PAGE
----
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PhD in Physics and Astronomy - Quantum optics for chiral molecules; characterisation, detection and separation.

Project Description

Chiral molecules are found across the natural world, for example in the amino acids that make up the building blocks of life. This means that characterisation, sorting and separation of chiral mixtures into their left- and right-handed constituents is of particular importance in pharmaceuticals, with approximately half of the drugs on the market being chiral. Most contemporary enantiomer separation techniques are based on chemical processes, which can be harmful to the molecules being sorted. This project will use a broad range of techniques from quantum optics and cavity quantum electrodynamics to develop and optimise new methodologies for all-optical enantiomeric manipulation, using for example optical surface traps and matter-wave diffraction. The discovery and optimisation of an industrially-viable route towards all-optical enantiomer separation would be of far-reaching use in health technologies.

Based in the School of Physics and Astronomy within the College of Science and Engineering, the candidate will reside Quantum Theory group headed by Prof. Stephen Barnett, working directly with Dr. Robert Bennett. The Quantum Theory group has a broad range of interests, including quantum information, quantum thermodynamics and light-matter interactions. It is closely aligned with the experimental team of Prof. Sonja Franke-Arnold, who have significant expertise in implementing chiral optical systems. Similarly, the scattering and propagation of the kind of complex light fields required for chiral manipulation is the focus of the Extreme Light group headed by Prof. Daniele Faccio. While being based in Quantum Theory, the candidate will have the opportunity to initiate and develop collaborative work amongst these groups within Glasgow and elsewhere.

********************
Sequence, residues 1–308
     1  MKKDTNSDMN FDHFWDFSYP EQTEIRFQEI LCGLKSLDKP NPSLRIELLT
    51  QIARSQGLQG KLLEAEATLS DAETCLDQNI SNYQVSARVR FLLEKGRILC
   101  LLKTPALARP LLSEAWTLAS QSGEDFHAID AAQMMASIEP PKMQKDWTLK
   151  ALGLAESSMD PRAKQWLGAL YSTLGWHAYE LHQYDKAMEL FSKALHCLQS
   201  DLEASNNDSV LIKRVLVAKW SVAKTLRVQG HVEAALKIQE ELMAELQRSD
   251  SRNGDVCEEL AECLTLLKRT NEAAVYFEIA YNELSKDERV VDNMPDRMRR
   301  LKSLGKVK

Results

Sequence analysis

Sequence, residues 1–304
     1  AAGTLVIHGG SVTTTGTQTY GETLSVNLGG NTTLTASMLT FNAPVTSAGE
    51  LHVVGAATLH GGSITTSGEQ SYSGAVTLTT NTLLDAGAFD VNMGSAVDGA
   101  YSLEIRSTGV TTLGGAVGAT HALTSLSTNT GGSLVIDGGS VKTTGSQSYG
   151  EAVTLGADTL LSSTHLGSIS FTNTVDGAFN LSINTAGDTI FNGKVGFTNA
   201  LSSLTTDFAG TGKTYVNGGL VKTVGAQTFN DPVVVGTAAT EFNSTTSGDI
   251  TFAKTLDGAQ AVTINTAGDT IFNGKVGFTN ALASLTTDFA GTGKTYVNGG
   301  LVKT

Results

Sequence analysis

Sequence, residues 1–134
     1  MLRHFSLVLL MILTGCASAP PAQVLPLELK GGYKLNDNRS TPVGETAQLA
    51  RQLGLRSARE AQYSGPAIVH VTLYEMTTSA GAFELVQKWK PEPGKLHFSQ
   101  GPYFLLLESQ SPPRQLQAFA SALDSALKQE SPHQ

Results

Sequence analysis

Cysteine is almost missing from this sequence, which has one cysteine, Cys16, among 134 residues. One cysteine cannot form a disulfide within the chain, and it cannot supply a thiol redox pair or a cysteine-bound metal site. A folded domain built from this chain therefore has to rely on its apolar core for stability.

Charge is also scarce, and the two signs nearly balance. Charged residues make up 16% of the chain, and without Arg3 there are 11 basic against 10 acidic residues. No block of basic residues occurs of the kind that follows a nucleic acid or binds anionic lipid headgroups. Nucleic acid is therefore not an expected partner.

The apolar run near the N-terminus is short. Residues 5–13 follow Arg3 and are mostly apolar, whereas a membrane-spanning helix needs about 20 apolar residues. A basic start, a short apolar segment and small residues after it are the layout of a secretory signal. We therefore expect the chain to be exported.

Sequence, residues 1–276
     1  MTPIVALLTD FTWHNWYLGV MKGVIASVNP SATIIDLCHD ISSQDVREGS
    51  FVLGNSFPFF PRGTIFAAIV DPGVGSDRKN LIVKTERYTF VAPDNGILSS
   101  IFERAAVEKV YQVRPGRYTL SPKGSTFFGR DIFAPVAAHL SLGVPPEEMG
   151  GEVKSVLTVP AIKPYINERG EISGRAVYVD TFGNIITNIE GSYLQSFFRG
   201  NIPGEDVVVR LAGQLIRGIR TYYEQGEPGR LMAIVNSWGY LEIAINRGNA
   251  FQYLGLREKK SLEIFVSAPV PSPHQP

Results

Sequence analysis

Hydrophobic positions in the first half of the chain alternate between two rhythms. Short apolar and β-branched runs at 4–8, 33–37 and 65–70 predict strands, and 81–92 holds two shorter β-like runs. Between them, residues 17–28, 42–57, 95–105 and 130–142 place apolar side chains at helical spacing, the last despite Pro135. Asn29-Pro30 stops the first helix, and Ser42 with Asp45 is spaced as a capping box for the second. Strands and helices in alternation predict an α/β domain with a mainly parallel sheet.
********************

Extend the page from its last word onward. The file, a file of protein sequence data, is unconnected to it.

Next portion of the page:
Applicants must have an upper second- or first-class honours degree or equivalent in Physics, ideally with a theory focus. Exceptional candidates from closely-related disciplines will also be considered.

• Problem-solving skills and research creativity, able to connect different areas of physics
• Self-motivation, initiative and independent thought/working
• Excellent interpersonal skills including team working and a collegiate approach
• Excellent communication skills (oral and written) in an appropriate range of contexts

Enquiries about this project should be directed to Dr Jörg Götte ( ), Prof. Stephen Barnett () or Dr Robert Bennett ().

Funding Notes

Start date: 1 October 2020
Funding is available to cover tuition fees for UK applicants for 3.5 years, as well as paying a stipend at the Research Council rate (currently £15,245 for Session 2020-21).

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